According to the American Eagle Foundation, “Farmers who resort to illegally poisoning dead animal carcasses have inadvertently killed other wildlife. The poisons that are used are so strong that even a tiny bit can continue to kill third, fourth, and even fifth generations of non-targeted wildlife. In fact, reports of the deaths of children who have handled dead birds, killed by ingesting wildlife that had died from these deliberate poisonings, continue. This horrifying tradition of poisoning kills not only bald eagles, but humans as well.”
Horrifying as this might sound, researchers at the Vanderbilt University have discovered that electrocution is one of the top five causes of death for the bald eagle, the golden eagle, and the raptor. These deaths normally occur when the birds land on power lines, and their wings or feet accidentally touch two lines and form a circuit. Eagles have also been known to fly directly into power lines that are not visible in poor weather conditions.
The American Eagle Foundation offers three suggestions for improving the safety of current power lines for bald eagles:
- Removing the top crossbar (of a high-voltage pole) to make them less attractive perch sites.
- Installing a barrier to prevent the eagle from touching the ground and power source at the same time.
- Building artificial perches above the crossbar where electrocutions usually occur.
5. Habitat Destruction
According to The American Eagle Foundation, the largest man-made threat to U.S. bald eagle populations is the development of waterfront property.
The organization says: “Because eagles depend on shoreline habitats and aquatic food coerces, human development in these coveted areas poses the greatest threat to the bald eagle’s survival. In addition, the cutting of ‘old growth forest’ where bald eagles prefer to nest and perch has conflicted with the interests of people seeking lumber for housing and commercial products.”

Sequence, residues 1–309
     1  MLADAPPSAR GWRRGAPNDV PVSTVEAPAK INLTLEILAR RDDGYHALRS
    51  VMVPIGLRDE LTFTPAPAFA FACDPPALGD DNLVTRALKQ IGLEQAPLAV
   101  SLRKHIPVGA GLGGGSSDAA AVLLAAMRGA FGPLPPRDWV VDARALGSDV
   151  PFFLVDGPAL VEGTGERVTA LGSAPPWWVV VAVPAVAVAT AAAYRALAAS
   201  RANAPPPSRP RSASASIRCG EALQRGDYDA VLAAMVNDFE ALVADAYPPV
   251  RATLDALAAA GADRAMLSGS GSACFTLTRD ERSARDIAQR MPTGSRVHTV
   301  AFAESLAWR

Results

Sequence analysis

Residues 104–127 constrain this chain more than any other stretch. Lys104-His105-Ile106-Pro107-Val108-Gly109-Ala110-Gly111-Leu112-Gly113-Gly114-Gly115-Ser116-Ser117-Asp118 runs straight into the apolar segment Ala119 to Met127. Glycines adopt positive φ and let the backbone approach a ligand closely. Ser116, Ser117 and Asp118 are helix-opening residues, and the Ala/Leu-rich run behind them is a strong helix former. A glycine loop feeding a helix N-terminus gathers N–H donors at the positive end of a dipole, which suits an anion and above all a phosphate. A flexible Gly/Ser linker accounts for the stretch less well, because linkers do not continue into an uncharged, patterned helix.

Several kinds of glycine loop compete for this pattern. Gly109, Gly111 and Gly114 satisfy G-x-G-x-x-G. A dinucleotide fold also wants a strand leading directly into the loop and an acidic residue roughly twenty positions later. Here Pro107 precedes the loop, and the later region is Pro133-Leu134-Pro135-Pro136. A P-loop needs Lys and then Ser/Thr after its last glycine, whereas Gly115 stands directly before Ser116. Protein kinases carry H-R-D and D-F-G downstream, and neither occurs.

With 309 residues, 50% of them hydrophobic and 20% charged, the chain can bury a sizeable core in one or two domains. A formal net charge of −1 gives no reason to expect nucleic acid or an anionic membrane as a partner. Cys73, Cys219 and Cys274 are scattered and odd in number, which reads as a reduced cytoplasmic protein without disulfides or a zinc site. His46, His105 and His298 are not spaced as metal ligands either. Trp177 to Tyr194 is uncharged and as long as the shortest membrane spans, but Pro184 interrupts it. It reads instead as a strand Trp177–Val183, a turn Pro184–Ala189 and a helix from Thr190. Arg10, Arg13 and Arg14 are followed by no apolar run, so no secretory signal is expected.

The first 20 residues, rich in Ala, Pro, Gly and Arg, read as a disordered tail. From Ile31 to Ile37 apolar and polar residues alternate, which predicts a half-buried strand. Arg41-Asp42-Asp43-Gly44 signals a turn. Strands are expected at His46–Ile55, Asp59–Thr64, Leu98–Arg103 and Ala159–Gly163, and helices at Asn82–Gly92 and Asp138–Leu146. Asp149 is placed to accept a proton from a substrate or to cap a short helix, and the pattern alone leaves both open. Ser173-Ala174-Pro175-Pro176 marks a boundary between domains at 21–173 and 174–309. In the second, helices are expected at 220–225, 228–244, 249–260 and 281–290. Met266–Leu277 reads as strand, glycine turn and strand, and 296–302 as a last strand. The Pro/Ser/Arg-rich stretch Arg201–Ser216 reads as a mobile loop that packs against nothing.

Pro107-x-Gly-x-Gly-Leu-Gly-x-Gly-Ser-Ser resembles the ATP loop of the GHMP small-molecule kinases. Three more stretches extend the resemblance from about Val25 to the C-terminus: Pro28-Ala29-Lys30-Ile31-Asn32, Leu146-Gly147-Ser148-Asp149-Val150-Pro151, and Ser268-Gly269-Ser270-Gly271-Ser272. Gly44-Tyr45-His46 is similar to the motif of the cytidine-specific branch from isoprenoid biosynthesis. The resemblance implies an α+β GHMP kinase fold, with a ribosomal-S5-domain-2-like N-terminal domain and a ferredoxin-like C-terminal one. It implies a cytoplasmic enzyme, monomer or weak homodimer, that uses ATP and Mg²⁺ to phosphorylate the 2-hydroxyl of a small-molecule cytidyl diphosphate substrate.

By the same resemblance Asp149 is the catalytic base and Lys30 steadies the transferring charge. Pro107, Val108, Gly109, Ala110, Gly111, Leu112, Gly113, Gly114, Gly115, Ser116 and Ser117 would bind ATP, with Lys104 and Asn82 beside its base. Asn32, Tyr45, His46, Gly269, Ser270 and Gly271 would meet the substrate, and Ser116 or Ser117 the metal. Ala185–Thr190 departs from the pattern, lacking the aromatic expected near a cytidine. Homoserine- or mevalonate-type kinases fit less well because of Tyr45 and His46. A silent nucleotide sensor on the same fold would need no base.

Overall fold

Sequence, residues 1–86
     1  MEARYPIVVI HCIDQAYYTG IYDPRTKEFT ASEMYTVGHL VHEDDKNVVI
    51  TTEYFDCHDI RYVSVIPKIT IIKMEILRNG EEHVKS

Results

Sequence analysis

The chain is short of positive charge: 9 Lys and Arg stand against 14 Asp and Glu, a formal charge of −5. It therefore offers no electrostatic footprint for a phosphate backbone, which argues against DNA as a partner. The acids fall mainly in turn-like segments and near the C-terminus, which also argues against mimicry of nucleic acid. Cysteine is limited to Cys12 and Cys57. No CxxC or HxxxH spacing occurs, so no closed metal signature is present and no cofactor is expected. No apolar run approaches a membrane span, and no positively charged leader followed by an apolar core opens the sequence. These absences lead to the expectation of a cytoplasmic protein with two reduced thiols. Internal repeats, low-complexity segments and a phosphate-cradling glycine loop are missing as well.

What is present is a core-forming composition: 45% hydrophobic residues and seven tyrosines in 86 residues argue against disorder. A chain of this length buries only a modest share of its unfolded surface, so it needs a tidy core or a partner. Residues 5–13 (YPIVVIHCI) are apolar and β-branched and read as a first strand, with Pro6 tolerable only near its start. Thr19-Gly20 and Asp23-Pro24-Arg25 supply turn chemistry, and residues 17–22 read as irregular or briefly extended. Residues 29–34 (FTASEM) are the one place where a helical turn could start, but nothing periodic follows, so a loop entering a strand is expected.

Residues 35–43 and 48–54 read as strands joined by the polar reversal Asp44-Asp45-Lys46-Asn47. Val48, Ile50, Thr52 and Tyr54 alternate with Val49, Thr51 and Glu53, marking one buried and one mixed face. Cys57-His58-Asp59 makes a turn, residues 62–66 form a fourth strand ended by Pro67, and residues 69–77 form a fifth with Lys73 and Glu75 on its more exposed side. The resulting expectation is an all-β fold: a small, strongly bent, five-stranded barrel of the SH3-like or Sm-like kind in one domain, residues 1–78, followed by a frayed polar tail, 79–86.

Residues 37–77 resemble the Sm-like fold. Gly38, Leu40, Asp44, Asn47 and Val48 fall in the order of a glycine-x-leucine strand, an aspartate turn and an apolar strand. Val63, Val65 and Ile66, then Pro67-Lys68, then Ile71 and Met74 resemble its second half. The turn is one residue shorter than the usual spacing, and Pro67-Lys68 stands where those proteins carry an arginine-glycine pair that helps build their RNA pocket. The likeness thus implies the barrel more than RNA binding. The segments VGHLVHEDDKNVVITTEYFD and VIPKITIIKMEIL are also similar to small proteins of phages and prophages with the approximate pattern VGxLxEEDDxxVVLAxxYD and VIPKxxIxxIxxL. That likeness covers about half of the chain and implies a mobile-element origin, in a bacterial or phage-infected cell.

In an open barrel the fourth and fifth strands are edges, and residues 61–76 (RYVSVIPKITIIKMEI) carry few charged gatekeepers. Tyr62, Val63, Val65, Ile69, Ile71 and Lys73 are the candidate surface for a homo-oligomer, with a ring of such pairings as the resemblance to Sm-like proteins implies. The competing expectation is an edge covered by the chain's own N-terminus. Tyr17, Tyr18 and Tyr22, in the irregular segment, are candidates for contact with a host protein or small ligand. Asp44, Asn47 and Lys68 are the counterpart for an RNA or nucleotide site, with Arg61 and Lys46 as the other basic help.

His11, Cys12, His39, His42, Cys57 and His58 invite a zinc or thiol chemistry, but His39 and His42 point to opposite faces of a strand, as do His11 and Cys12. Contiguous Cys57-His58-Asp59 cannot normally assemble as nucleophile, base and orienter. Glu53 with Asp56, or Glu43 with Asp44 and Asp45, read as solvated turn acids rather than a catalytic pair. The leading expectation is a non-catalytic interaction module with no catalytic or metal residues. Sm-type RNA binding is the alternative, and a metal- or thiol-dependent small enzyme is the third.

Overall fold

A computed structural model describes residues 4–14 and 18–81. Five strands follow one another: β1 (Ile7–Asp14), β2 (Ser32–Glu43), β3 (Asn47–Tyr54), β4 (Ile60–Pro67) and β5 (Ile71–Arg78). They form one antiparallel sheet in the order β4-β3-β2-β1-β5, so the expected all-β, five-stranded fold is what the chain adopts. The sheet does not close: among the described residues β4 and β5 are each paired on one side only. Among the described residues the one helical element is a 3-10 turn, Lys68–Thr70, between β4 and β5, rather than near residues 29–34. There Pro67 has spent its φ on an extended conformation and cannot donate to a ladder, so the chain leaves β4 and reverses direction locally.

How You Can Help
- Donate to the American Eagle Foundation, or visit their online shop.
- Donate to support the work of Pesticide Action Network, who campaigns vigorously to eliminate all hazardous, wildlife-harming chemicals from our food chain. They also accept tax-deductible vehicle donations!
- Get excited about this possible solution to the renewable energy vs. wildlife debate: bright purple wind turbines! A scientific study by Loughborough University in the UK found that turbines which have been painted white or grey (as most are) tend to act as “lures” for birds, bats, and insects, while the least attractive color is purple.
- Check out these ingenuous new “bird-friendly” wind turbine designs by Raymond Green, an 89-year-old World War II veteran who is passionate about wildlife conservation.
- Sign and share this online petition urging Harold Peaks, of the Federal Highway Administration, not to destroy the Alaska Chilkat Bald Eagle Preserve.
- Do likewise with this new Change.org petition calling for the preservation of Fones Cliff, another vital eagle habitat.
Image Source: Ramesh NG/Flickr